Recently, I noticed a thread in one of the ALA listservs regarding rebuttals to Stanley Wilder’s infamous 2005 article in The Chronicle of Higher Education titled “Information Literacy Makes All the Wrong Assumptions.” That article raised the hackles of many librarians. I vaguely remember that article, but that was nine years ago so I figured Wilder may have changed his tune since then. In reading one of the rebuttals, I found a link to a more recent article by Wilder reflecting on the 2005 article. In this recent article appearing in Communications and Information Literacy, Stanley stands by his 2005 beliefs about the teaching of information literacy. He states the following: “… the library research knowledge we impart should spring from the unique discourse of each discipline and be fully integrated down to the class assignment level. As regards the content of our teaching, there is no room for a one-size-fits-all instruction program.”
At the end of the article, Wilder suggests that those who have expertise in content, pedagogy and instructional design are best suited to answer the question of how to reconcile the vertical and horizontal functions of library instruction. (I took vertical to mean Wilder’s solution of discipline-based information literacy and horizontal to mean a one-size-fits all information literacy instruction program.)
Since I am a librarian and an instructional designer, I feel that I can answer that question. The reality is, we need both discipline-based information literacy and general information literacy instruction. Both play a role in the development of information literacy skills in college students.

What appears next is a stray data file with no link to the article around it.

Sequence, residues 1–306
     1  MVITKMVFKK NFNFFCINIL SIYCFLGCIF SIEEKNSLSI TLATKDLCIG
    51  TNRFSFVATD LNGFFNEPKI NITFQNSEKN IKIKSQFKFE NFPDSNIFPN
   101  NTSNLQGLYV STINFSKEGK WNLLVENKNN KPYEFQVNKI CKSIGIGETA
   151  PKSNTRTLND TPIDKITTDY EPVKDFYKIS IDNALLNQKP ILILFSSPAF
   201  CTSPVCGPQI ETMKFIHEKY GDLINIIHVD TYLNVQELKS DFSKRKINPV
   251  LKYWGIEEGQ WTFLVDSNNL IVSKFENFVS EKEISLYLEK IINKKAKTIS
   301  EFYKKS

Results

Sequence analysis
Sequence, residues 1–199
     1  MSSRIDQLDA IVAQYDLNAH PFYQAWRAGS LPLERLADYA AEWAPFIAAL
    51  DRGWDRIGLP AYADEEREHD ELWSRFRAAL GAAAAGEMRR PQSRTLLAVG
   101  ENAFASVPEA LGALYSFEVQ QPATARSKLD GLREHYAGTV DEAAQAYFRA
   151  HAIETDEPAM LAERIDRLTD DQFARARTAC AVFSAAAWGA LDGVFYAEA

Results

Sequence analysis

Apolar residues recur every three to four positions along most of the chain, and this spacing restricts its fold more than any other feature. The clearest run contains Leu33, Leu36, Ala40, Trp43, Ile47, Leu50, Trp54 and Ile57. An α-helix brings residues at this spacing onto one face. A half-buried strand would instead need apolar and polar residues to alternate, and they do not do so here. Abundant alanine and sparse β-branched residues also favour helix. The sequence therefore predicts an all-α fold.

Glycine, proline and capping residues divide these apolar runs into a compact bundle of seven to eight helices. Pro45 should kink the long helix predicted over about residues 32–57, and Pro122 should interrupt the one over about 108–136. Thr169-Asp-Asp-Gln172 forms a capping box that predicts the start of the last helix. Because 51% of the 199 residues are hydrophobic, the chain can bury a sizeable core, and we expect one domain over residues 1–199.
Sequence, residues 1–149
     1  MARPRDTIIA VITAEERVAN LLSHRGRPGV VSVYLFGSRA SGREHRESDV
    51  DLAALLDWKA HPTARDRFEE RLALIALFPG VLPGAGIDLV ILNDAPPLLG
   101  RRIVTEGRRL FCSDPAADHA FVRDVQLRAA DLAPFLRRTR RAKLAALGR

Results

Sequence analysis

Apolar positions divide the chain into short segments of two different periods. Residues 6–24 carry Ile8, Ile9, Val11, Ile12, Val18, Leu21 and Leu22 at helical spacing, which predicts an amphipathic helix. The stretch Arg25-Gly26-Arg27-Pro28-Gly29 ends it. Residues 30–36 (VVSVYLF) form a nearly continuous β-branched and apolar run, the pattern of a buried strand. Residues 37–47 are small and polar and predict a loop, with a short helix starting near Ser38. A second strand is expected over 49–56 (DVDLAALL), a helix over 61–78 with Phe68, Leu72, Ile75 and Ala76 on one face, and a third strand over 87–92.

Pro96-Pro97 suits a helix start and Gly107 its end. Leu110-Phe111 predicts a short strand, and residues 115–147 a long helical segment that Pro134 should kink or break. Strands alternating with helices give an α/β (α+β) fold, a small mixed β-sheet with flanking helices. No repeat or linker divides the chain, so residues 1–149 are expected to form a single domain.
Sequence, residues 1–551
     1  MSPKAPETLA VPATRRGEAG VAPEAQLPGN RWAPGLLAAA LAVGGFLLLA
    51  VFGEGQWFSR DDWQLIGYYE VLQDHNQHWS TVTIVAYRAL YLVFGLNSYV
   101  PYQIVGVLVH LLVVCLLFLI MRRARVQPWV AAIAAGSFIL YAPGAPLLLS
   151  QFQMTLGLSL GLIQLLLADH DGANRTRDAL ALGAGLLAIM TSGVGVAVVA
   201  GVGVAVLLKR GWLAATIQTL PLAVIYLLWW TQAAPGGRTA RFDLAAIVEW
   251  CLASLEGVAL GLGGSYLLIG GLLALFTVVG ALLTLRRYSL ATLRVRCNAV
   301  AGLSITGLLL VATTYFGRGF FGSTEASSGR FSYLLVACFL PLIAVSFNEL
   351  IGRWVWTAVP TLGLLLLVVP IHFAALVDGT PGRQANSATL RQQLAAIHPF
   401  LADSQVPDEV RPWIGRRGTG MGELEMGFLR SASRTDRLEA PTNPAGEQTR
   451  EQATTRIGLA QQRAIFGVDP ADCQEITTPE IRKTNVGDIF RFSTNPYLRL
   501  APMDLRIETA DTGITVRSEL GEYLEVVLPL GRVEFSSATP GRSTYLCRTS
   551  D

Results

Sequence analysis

During the first two years of college, students are just learning how to navigate the practice of academic information literacy. That is why you will see information literacy as a learning outcome in many institutions. Librarians tend to teach information literacy skills as a general set of strategies during those formative years, and information literacy programs targeting freshmen and sophomores are often designed as one size fits all instruction. There is a practical reason for that. First of all, there are too many students for librarians to be able to teach information literacy skills in a discipline-based context (although they do tend to teach those skills within an assignment based context). Secondly, many students have yet to even declare a major during that time period. They are quite literally just learning how to be college students. Thirdly, skills taught during that time need to be couched as general skills because students are using them to generally become better readers and writers of scholarly content.
That being said, as students enter their major fields, discipline-based information literacy instruction is vital. As students enter their major fields, they are just beginning to develop the specific critical thinking and reasoning skills that are unique to their discipline. As a result, discipline-based information literacy instruction is more effective for the student who has already entered his or her disciplinary area. It is the librarian’s job at that time to help students transfer their general schema about information literacy (prior knowledge) into a discipline-based information literacy practice. And the best librarians for that job are those who are well-versed in appropriate instructional strategies for information literacy learning. These librarians may not be subject librarians. Instead, they may be generalist librarians who have the skills to work closely with course instructors.
Information literacy is undoubtedly situational in practice. In fact, when literacy is viewed as a situational practice, all literacy can be viewed within a social, cultural, historical and institutional context. In that light, context is not just discipline-based. It is also institutional-based. And the academic information literacy that is taught to freshman and sophomore students, while general in instructional strategy, is institutional in context (and therefore situational). That is how to reconcile Wilder’s vertical and horizontal functions of library instruction. Both the horizontal and vertical functions of library instruction must be looked at in a social, cultural, historical and institutional context.